6. Bowlby, John, “The Nature of a Child’s Tie to His Mother,” British Psychoanalytical Society, London, 1958; “Attachment and Loss,” New York, Basic Books, 1969
  7. Main, Mary,  2000,The Adult Attachment Interview: Fear, attention, safety and discourse processes;” also titled “The Organized Categories of Infant, Child, and Adult Attachment: Flexible vs. Inflexible Attention Under Attachment-Related Stress,” Journal of the American Psychoanalytic Association, 48:1055-1095.
  8. Main, Mary, 2005, with Hesse, Erik & Kaplan, Nancy, “Predictability of Attachment Behavior and Representational Processes at 1, 6, and 19 Years of Age – The Berkeley Longitudinal Study,” Chapter 10 of “Attachment from Infancy to Adulthood: The Major Longitudinal Studies,” edited by Klaus E. Grossmann, Karin Grossmann, and Everett Waters, pp. 245–304, New York: Guilford Press. Main refers to it as “Regensburg.”–Main’s summary of the Strange Situation: “Ainsworth structured the Strange Situation procedure to include three of Bowlby’s ‘natural clues to danger’ in eight episodes:  1. Introduction to the room.  2. Mother and infant are left alone in a toy-filled environment whose unfamiliarity supplies the first natural clue to danger.  However, the mother’s presence is expected to provide the infant with security sufficient for exploration and/or play.  3. Providing a second clue to danger, a stranger joins the mother and infant.  4. The mother leaves the infant with the stranger, providing two combined clues to increased danger. 5. The mother returns, and the stranger departs…. Many infants initially seek proximity but then, reassured of their mothers’ nearness, resume play. 6.  The mother leaves, and the infant remains entirely alone in the unfamiliar setting. Infant distress can be strong at this point, and this episode is often terminated rapidly. 7. The stranger, rather than the mother, enters the room. 8. The mother returns… By now, most infants are expected to be crying, and actively not only seeking proximity to mothers, but also… indicating a strong desire to be held… Nonetheless, they are expected to settle and renew interest in exploration and play by the end of this 3-minute period…“Somewhat surprisingly, Ainsworth found that infant responses to separation and reunion in this procedure fell into three distinct, coherently organized patterns of attachment (“secure,” “insecure-avoidant,” and “insecure-ambivalent” (Ainsworth, Blehar, Waters, & Wall, 1978). … Given the length and complexity of this chapter, we suggest individuals divide reading to its three central parts (secure attachment, pp. 261–273; avoidant attachment, pp. 273–279; and disorganized attachment pp. 279–288).”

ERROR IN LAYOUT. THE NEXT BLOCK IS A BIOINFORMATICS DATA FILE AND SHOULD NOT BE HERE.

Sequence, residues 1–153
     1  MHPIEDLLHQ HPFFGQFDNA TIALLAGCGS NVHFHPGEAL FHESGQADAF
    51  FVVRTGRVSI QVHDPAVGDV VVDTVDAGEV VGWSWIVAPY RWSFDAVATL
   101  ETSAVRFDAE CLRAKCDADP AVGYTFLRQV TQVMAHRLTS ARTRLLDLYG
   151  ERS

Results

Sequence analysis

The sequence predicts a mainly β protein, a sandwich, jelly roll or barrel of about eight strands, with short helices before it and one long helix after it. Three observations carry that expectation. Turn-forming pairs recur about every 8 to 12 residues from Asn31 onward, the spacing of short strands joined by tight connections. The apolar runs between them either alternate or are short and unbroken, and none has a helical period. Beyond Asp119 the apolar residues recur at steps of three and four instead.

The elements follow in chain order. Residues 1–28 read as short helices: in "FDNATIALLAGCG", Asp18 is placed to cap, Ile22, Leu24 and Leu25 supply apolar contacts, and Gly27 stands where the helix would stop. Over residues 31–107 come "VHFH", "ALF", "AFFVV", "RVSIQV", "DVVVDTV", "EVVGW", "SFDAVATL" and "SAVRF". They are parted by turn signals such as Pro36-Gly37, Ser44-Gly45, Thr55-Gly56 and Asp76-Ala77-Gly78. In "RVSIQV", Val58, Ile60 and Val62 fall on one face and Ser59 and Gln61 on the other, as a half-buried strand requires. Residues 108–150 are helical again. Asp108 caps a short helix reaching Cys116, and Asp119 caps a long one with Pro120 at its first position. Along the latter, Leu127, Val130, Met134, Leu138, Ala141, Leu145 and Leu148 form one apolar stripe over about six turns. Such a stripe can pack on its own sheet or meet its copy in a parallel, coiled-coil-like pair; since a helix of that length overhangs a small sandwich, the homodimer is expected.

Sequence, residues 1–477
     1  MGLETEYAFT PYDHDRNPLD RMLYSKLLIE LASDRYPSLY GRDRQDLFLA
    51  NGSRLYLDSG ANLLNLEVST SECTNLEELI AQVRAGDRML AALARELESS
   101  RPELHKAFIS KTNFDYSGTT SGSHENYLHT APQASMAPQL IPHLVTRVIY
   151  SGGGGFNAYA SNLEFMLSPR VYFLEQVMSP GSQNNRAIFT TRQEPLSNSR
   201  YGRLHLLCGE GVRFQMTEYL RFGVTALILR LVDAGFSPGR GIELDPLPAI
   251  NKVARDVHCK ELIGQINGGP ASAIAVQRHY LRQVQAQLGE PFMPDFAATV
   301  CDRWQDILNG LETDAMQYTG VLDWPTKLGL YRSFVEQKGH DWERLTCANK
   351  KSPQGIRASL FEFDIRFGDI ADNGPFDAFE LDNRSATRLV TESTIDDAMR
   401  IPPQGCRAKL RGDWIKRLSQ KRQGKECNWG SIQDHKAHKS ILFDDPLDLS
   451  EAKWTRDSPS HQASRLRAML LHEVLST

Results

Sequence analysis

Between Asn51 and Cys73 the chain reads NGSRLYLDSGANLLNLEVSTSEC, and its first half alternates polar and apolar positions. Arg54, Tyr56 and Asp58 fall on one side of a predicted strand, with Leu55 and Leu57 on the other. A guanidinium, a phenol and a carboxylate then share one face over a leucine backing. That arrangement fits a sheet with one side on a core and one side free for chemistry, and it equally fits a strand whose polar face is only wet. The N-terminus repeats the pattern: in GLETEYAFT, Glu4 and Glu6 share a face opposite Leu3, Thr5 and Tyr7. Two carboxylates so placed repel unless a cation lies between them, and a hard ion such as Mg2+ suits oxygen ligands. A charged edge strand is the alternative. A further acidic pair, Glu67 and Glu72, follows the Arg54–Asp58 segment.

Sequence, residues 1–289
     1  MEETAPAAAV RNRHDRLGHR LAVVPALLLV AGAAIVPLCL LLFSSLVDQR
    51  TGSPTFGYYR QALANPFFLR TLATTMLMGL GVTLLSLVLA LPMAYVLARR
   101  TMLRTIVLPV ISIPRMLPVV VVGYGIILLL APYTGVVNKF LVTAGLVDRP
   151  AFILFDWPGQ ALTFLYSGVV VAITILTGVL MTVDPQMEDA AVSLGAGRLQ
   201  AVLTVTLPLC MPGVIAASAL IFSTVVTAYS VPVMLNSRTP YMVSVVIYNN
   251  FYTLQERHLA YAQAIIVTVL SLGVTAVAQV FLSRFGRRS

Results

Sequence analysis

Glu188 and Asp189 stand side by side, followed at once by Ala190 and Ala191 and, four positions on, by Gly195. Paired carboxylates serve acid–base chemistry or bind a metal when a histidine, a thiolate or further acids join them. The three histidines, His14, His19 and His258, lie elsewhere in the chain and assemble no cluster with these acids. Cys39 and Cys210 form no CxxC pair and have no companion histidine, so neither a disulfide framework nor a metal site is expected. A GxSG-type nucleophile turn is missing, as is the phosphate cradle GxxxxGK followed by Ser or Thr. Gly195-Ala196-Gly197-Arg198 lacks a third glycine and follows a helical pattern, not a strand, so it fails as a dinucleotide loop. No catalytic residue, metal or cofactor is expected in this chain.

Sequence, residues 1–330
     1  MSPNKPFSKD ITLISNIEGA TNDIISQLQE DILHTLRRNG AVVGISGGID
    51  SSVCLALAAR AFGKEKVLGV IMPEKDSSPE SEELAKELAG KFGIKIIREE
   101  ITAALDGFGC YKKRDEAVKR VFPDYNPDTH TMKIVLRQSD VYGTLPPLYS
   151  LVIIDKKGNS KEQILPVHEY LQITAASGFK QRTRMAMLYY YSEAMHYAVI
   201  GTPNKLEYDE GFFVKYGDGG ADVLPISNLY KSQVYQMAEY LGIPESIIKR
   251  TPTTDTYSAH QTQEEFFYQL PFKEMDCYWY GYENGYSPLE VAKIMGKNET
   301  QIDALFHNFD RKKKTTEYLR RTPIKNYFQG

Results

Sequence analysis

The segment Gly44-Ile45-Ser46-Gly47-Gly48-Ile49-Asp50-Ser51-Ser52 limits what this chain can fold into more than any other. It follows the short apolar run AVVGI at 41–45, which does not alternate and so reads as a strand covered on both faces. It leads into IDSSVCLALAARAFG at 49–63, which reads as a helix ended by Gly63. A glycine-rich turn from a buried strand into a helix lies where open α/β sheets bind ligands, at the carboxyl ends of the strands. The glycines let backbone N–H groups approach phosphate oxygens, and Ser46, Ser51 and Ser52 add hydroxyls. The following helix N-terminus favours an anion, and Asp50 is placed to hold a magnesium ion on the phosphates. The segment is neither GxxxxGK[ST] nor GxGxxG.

9. (1988 van Ijzendoorn: on global proof of Ainsworth’s 3 categories; written before Main’s 4 category put in use) van IJzendoorn, Marinus H.; Kroonenberg, Pieter M.  “Cross-Cultural Patterns of Attachment: A Meta-Analysis of the Strange Situation,” Child Development,Vol 59 No 1, Feb 1988, p.147–56 |  Abstract